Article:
Alongside the debate surrounding what constitutes a family is the question of what people in the United States believe constitutes a marriage. Many religious and social conservatives believe that marriage can only exist between a man and a woman, citing religious scripture and the basics of human reproduction as support. Social liberals and progressives, on the other hand, believe that marriage can exist between two consenting adults—be they a man and a woman, or a woman and a woman—and that it would be discriminatory to deny such a couple the civil, social, and economic benefits of marriage.

Marriage Patterns

With single parenting and cohabitation (when a couple shares a residence but not a marriage) becoming more acceptable in recent years, people may be less motivated to get married. In a recent Pew Research survey, 39 percent of respondents answered “yes” when asked whether marriage is becoming obsolete. The institution of marriage is likely to continue, but some previous patterns of marriage will become outdated as new patterns emerge. In this context, cohabitation contributes to the phenomenon of people getting married for the first time at a later age than was typical in earlier generations. Furthermore, marriage will continue to be delayed as more people place education and career ahead of “settling down.”

People in the United States typically equate marriage with monogamy, when someone is married to only one person at a time. In many countries and cultures around the world, however, having one spouse is not the only form of marriage. In a majority of cultures (78 percent), polygamy, or being married to more than one person at a time, is accepted, with most polygamous societies existing in northern Africa and east Asia. Instances of polygamy are almost exclusively in the form of polygyny. Polygyny refers to a man being married to more than one woman at the same time. The reverse, when a woman is married to more than one man at the same time, is called polyandry. It is far less common and only occurs in about 1 percent of the world’s cultures. The reasons for the overwhelming prevalence of polygamous societies are varied but they often include issues of population growth, religious ideologies, and social status.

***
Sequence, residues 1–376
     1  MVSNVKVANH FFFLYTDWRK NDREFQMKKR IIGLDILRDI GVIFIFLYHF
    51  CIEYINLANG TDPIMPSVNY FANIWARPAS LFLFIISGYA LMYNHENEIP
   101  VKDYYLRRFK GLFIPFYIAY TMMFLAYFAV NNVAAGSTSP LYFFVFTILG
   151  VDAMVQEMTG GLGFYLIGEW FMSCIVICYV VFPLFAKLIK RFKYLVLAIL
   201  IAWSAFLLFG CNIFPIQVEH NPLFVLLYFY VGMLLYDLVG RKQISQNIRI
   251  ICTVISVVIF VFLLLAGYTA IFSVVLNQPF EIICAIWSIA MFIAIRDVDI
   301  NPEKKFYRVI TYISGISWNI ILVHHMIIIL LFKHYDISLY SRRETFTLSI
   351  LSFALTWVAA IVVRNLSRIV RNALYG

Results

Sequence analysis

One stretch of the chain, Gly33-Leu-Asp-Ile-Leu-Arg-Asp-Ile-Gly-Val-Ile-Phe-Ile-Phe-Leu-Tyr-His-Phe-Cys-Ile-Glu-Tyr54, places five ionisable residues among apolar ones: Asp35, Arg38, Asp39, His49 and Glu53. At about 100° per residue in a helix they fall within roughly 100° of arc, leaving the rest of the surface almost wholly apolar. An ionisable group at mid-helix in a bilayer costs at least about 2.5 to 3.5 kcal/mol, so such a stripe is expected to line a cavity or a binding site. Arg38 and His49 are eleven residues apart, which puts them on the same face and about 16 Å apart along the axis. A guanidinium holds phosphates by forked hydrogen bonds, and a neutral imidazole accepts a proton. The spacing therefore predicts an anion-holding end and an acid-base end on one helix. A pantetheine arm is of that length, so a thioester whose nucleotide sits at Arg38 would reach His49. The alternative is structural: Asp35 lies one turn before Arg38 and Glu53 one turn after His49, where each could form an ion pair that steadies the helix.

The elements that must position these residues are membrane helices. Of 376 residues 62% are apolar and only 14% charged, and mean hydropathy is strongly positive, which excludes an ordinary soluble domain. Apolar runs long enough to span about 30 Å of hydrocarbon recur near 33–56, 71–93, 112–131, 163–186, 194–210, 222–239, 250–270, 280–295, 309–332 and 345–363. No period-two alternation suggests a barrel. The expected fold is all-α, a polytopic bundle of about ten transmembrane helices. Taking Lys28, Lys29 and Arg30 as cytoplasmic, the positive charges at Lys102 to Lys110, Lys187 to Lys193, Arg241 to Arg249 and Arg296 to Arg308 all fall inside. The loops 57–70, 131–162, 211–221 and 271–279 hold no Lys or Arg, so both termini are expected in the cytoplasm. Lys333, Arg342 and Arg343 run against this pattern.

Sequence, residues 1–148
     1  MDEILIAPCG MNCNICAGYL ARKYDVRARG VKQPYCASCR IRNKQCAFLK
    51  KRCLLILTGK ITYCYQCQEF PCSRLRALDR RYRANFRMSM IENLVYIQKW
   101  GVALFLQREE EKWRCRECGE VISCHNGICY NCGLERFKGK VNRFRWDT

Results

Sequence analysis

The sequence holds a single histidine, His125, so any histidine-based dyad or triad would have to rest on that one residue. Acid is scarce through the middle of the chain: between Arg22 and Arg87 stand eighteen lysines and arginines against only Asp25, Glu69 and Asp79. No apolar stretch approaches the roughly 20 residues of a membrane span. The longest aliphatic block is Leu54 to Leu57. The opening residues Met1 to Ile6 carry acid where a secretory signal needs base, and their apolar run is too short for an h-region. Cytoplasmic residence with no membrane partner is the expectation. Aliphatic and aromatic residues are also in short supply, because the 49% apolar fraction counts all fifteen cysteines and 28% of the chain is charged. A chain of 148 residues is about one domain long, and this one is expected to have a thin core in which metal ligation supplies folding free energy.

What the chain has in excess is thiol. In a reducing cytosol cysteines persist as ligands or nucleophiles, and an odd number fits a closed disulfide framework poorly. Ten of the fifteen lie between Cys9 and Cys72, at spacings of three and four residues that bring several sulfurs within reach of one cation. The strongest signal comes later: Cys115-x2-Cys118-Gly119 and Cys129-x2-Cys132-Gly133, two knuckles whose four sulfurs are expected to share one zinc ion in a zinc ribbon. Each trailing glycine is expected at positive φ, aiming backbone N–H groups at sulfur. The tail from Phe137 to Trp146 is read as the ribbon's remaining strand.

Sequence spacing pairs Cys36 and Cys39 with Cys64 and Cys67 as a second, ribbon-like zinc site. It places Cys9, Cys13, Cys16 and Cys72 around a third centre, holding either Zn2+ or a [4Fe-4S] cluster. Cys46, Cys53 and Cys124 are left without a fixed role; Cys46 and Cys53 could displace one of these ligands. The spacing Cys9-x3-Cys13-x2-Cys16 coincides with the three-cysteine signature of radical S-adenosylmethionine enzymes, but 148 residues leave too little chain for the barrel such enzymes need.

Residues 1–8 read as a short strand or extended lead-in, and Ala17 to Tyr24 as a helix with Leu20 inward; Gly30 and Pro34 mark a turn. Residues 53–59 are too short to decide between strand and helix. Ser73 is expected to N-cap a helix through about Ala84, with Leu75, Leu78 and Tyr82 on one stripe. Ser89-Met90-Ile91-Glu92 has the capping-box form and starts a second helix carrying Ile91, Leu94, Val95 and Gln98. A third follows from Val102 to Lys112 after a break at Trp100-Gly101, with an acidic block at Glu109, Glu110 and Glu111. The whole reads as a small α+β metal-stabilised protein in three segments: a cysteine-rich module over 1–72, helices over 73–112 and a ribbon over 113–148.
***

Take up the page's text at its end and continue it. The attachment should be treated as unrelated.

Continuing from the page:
While the majority of societies accept polygyny, the majority of people do not practice it. Often fewer than 10 percent (and no more than 25–35 percent) of men in polygamous cultures have more than one wife; these husbands are often older, wealthy, high-status men. The average plural marriage involves no more than three wives. Negev Bedouin men in Israel, for example, typically have two wives, although it is acceptable to have up to four. As urbanization increases in these cultures, polygamy is likely to decrease.